Floriculture needs official recognition in region

Floricultural commodities need to be recognised as official agricultural products across the Pacific to enable women practitioners and entrepreneurs to access funding and find new export markets, an agricultural advocacy group says. 

A representative from the Pacific Island Farmers Organisation Network (P.I.F.O.N.), Lavinia Kaumaitotoya said floriculture – the decorative arrangement and cultivation of flowers - was not being treated with equal standing as other agricultural exports. 

“I raised a concern about floriculture in one of the side events held during [last week's] Pacific Week of Agriculture on how can forums such as Women in Agriculture be a platform for floriculture be recognised as a commodity,” she said.

Ms. Kaumaitotoya said that floriculture is not recognised as a commodity by agriculture Ministries or many Governments in the Pacific.

“When we talk about floriculture it refers to flowers [...and] the plants that our women farm and, yes, it is a fact that these plants are not used for food consumption but [they] put bread on the table for many of our women," she said. 

“P.I.F.O.N. is very passionate about trying to push an initiative to [get] floriculture recognised because once it is recognised then everything will fall into place.


“There will be programmes associated with it as a commodity in terms of pest and disease and also pathways through training, it will open the doors to funding donors working with our women.”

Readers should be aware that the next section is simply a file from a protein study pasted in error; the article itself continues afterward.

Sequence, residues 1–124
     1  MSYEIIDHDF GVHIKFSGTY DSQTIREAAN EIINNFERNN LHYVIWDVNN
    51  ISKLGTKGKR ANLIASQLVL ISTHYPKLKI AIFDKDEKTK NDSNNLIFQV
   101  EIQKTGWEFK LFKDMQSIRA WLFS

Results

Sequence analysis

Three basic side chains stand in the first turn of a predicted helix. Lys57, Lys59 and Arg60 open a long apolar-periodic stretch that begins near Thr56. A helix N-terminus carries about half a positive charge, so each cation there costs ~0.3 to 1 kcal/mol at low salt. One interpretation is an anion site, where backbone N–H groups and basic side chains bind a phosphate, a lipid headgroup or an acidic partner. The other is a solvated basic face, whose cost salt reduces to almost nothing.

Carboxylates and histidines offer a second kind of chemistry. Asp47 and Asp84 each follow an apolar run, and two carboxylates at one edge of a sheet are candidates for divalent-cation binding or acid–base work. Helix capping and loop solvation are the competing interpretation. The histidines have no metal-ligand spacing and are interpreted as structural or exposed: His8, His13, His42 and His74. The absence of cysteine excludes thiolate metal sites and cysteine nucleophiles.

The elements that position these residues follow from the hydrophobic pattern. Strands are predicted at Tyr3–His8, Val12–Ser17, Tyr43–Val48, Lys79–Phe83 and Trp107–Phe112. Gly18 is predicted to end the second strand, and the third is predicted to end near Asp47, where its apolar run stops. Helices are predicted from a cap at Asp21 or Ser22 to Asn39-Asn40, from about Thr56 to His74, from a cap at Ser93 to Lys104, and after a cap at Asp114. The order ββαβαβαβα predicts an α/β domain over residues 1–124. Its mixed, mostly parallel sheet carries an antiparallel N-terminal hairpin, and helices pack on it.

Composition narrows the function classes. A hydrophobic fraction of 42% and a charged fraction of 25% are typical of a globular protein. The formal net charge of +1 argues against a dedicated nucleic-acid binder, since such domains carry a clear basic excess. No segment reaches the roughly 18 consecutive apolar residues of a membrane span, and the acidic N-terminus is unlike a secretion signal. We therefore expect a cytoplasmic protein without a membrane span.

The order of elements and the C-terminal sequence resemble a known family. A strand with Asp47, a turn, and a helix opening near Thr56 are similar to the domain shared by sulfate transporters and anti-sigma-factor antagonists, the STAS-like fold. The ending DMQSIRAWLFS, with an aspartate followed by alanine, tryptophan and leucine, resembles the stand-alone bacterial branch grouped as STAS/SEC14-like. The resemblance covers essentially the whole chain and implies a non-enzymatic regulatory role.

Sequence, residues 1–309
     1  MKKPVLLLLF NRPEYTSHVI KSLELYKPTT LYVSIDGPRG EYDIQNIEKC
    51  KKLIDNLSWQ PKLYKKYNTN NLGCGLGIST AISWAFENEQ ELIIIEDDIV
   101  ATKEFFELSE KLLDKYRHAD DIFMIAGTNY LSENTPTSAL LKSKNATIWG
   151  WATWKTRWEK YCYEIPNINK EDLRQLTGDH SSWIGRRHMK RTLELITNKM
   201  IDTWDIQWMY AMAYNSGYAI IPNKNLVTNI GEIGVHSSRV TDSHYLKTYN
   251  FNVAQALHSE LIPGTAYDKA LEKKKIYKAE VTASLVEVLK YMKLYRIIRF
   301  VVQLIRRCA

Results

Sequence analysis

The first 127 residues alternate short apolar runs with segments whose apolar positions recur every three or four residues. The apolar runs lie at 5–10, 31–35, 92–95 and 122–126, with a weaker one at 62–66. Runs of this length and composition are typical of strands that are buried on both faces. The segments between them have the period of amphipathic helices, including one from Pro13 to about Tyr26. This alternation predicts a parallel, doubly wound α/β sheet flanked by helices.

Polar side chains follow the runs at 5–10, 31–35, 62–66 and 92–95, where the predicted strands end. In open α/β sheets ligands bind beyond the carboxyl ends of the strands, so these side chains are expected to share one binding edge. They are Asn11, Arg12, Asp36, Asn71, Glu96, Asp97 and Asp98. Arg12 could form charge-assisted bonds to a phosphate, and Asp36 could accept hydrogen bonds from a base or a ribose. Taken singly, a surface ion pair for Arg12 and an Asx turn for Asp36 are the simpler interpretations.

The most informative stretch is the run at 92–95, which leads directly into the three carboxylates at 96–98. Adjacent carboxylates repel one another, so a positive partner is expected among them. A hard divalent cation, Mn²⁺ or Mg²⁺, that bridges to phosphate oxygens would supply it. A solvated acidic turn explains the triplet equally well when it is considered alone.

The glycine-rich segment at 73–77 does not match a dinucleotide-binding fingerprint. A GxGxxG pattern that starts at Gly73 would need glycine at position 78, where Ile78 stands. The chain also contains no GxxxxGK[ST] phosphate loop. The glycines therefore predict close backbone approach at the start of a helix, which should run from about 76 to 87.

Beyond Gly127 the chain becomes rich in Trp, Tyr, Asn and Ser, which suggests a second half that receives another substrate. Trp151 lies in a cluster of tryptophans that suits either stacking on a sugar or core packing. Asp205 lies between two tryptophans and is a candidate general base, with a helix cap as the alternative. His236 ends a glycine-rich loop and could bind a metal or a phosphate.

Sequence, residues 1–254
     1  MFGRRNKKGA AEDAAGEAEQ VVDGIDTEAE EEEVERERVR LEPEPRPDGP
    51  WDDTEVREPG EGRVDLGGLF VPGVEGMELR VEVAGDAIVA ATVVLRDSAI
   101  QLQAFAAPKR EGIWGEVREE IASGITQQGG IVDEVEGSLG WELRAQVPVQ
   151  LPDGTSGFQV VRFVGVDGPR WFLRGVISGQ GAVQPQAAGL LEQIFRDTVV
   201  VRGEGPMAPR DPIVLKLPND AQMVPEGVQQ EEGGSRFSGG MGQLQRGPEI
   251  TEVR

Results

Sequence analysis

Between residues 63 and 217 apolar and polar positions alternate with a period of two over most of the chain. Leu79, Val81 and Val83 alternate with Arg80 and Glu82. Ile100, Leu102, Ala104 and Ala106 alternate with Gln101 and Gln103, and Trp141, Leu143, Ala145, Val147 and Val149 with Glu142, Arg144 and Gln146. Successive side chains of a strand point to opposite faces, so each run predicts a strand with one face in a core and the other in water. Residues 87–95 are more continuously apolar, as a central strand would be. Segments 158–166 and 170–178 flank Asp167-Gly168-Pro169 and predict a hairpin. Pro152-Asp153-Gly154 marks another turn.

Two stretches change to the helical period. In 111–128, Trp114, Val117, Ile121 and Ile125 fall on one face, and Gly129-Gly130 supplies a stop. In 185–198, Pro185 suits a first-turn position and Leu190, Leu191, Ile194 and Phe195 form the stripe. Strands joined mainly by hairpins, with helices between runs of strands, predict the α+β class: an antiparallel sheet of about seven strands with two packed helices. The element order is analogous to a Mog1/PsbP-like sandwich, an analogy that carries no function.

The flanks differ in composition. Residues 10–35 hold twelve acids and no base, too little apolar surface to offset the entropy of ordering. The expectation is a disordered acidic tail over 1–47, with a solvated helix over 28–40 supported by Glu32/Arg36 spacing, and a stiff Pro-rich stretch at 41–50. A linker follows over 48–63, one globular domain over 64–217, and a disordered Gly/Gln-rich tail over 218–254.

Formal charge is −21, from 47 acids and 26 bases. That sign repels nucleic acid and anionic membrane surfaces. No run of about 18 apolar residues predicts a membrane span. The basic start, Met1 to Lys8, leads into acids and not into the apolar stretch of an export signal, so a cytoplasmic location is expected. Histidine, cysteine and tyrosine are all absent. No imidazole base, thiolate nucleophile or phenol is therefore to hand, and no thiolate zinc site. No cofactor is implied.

She added that at the moment floriculturists suffered from a lack of market access, particularly female entrepreneurs who make mats and decorative arrangements that are in demand overseas. 

“The majority of our women are flower grow[ers]," she said. 

“There are markets in New Zealand and Australia that want our Pacific flowers but we just need market access because our Pacific flowers are beautiful.”

She said that P.I.F.O.N. organised 100 floriculturists in May this year from around Fiji.

“These women decided to form a national association of floriculturists and their main concern was they wanted their commodity to be recognised," she said. 

“P.I.F.O.N.’s plan is to do the same in all our member countries like Samoa, Tonga, Vanuatu and Papua New Guinea.” 

Leituala Kuiniselani Tago-Elisara, the Director of Social Development Programme's within the Pacific Community (S.P.C.), said that floriculturists need to work with Government officials to advance their agenda. 

“I think from an organisational perspective we need to explore from different perspectives how we address this issue of making floriculture recognised.

“It is because there are also biosecurity considerations and a number of other factors to consider in order for us to come to some consensus on what our policy response would be.”

P.I.F.O.N. serves as an umbrella organisation for national farmer organisations in the Pacific island region. 

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